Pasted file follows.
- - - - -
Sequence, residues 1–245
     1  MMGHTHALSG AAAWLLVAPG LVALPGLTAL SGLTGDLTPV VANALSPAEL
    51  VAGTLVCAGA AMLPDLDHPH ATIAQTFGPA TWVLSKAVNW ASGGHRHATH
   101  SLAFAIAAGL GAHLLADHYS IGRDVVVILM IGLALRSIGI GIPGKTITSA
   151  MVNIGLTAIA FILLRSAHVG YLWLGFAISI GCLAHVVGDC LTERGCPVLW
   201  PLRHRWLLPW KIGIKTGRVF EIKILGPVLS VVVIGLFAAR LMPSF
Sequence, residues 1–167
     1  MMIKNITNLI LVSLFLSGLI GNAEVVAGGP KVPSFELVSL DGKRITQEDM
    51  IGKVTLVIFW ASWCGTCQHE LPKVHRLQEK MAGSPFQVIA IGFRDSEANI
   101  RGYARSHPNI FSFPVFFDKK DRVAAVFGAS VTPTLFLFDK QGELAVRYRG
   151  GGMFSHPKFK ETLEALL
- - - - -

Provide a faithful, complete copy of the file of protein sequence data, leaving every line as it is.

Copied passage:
Sequence, residues 1–245
     1  MMGHTHALSG AAAWLLVAPG LVALPGLTAL SGLTGDLTPV VANALSPAEL
    51  VAGTLVCAGA AMLPDLDHPH ATIAQTFGPA TWVLSKAVNW ASGGHRHATH
   101  SLAFAIAAGL GAHLLADHYS IGRDVVVILM IGLALRSIGI GIPGKTITSA
   151  MVNIGLTAIA FILLRSAHVG YLWLGFAISI GCLAHVVGDC LTERGCPVLW
   201  PLRHRWLLPW KIGIKTGRVF EIKILGPVLS VVVIGLFAAR LMPSF
Sequence, residues 1–167
     1  MMIKNITNLI LVSLFLSGLI GNAEVVAGGP KVPSFELVSL DGKRITQEDM
    51  IGKVTLVIFW ASWCGTCQHE LPKVHRLQEK MAGSPFQVIA IGFRDSEANI
   101  RGYARSHPNI FSFPVFFDKK DRVAAVFGAS VTPTLFLFDK QGELAVRYRG
   151  GGMFSHPKFK ETLEALL